About AusOcean

Alan Noble AusOcean was founded by Alan Noble in 2017. Alan is an electrical and electronics engineer by training who has spent his entire career working with computers and software technology, having lived and worked on several continents and founded software companies in Silicon Valley and Australia. He is passionate about our oceans and spends every available moment in or on the water. Alan's goal in founding AusOcean is to develop and apply technology for the good of our oceans.

He is also a founder and director of StartupAUS, a director of the South Australian Museum, an Adjunct Professor in Computer Science at The University of Adelaide and a Fellow of Engineers Australia. Previously he was head of engineering for Google Australia and served on several national advisory boards, including advising the Chief Scientist of Australia, the Australian Information Commissioner and the Government 2.0 Taskforce. He was a contributor to the Engage Report and the Australian Entrepreneurs Guide.

Sean ConnellProf. Sean Connell, founding director of AusOcean, is an ecologist who discovers how the web of marine life works and investigates how humans can intercede to reverse decline. His work improved water quality through regulation, reduced land-derived pollution by water recycling, empowered the use of local methods to reduce the imprint of climate change and recently seeks solutions for the restoration of lost habitat. Success has been built on his joining of scientific-discovery with policy-making; providing global leadership to enable society’s aspiration for cost-effective enhancement of the web of marine life.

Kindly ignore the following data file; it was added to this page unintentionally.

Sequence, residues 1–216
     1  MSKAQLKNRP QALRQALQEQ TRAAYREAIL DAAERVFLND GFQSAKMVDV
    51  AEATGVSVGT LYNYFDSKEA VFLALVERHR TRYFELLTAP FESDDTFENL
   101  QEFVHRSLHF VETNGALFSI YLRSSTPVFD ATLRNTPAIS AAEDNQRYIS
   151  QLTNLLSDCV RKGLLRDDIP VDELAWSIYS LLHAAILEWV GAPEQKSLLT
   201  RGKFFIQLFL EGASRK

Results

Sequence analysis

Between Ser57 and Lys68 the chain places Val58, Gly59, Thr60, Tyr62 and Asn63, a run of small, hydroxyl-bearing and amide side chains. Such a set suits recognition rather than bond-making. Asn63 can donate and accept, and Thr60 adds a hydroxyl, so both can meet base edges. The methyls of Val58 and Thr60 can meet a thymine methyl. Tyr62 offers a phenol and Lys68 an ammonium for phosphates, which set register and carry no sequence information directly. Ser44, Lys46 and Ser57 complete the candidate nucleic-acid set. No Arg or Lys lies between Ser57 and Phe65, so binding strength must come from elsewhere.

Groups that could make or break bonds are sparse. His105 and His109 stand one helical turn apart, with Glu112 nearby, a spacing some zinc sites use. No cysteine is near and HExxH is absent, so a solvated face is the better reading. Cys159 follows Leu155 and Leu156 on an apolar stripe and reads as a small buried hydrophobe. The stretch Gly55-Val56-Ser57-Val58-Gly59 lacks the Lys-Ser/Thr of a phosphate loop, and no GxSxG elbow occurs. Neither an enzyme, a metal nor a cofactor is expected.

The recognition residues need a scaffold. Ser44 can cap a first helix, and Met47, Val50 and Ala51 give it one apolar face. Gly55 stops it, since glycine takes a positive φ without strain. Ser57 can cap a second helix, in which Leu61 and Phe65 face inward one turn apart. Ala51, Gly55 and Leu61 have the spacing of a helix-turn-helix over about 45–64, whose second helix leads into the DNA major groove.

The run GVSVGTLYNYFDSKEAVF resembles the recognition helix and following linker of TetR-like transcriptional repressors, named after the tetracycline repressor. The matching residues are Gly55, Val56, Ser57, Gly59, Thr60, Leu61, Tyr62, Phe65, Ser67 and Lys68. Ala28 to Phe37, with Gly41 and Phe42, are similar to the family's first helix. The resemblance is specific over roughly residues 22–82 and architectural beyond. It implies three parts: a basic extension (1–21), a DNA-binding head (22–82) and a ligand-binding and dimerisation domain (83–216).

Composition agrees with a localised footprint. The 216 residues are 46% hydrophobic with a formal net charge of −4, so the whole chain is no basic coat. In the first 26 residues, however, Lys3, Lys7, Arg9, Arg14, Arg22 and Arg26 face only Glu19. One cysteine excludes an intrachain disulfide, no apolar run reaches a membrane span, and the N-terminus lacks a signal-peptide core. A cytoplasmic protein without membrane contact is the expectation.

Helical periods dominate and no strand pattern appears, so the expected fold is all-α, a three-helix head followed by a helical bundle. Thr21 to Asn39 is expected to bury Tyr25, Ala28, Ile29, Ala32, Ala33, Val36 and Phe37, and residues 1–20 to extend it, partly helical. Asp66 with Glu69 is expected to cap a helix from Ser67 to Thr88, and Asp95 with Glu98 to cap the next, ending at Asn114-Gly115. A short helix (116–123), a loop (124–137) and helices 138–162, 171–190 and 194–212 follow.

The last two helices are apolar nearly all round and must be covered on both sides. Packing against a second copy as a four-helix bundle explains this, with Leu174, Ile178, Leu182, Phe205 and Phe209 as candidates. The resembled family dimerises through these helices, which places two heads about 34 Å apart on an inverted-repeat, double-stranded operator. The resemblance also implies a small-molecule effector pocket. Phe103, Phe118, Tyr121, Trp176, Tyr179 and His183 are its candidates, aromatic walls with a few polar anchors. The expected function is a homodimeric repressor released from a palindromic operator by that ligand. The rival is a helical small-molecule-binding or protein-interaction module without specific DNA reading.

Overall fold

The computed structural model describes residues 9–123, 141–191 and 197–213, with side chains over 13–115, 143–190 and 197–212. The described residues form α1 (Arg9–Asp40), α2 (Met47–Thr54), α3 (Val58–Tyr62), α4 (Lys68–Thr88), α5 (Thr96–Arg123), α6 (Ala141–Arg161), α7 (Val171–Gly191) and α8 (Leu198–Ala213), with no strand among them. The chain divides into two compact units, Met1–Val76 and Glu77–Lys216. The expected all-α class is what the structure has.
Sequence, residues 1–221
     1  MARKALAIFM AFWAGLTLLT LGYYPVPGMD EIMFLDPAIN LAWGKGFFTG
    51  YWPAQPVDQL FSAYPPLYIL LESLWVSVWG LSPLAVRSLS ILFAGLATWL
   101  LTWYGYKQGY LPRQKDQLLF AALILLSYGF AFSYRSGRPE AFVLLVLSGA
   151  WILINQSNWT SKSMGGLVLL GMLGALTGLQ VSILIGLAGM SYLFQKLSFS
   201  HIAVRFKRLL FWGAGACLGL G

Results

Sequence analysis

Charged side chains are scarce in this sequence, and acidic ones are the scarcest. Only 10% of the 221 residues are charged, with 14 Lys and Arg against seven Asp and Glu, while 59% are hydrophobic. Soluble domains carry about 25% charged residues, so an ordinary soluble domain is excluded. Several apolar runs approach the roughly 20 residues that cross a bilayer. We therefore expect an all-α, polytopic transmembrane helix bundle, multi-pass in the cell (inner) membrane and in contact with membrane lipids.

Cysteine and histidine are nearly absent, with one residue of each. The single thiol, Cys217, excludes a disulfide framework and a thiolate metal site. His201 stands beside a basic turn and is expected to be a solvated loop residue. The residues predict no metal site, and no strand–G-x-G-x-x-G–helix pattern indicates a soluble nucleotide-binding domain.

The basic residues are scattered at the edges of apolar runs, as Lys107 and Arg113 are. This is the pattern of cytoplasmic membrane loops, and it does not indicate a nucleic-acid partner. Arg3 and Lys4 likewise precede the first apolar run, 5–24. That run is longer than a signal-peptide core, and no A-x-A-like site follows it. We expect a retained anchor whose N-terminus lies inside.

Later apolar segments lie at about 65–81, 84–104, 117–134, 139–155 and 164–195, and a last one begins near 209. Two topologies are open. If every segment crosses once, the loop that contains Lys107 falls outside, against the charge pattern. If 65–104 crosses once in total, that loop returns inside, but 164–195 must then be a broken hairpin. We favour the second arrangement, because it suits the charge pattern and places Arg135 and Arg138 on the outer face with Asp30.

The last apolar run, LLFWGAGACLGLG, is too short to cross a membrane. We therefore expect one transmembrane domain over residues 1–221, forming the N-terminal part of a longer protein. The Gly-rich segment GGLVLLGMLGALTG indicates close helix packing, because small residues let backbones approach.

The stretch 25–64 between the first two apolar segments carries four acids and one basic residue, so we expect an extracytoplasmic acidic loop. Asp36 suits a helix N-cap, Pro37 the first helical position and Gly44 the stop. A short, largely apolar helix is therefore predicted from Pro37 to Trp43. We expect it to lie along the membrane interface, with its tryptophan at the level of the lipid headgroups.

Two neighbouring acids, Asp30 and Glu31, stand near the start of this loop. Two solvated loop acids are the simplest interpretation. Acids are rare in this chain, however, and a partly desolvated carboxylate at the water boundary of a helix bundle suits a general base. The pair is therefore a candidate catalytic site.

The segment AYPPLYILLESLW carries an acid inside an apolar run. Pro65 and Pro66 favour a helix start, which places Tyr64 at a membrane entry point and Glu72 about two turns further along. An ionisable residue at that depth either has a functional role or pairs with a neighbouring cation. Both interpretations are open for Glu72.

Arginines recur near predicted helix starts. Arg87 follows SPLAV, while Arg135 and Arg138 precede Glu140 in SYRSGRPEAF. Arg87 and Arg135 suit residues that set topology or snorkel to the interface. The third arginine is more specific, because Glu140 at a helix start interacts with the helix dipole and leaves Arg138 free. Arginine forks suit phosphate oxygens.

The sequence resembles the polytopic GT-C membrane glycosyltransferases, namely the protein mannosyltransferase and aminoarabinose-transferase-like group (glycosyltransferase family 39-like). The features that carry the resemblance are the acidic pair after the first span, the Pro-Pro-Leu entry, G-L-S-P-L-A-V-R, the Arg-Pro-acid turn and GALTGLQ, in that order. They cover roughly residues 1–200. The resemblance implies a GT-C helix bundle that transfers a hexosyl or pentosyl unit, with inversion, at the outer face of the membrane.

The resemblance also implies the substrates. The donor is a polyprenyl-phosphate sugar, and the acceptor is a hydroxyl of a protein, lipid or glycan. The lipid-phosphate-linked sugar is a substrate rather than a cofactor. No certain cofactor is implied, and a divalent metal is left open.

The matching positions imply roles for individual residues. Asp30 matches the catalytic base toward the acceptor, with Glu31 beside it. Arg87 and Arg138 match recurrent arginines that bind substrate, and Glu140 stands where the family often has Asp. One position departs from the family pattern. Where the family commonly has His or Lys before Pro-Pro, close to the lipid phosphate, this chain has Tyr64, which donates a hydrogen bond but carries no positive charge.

He is a Professor of Ecology at The University of Adelaide, published Australia’s first textbook on Marine Ecology, is an editor of the international journal "Marine Biology" and recipient of national awards for his contribution to ecology.

Our logo

AusOcean logo The Australian giant cuttlefish, Sepia apama, is the world's largest cuttlefish species. Along with their cephalopod cousins (squids and octopuses) they are considered to be the most intelligent invertebrates. They are also among the most visually striking marine species, able to put on spectacular displays using cells known as chromatophores. We think we can learn a thing or two from cuttlefish.

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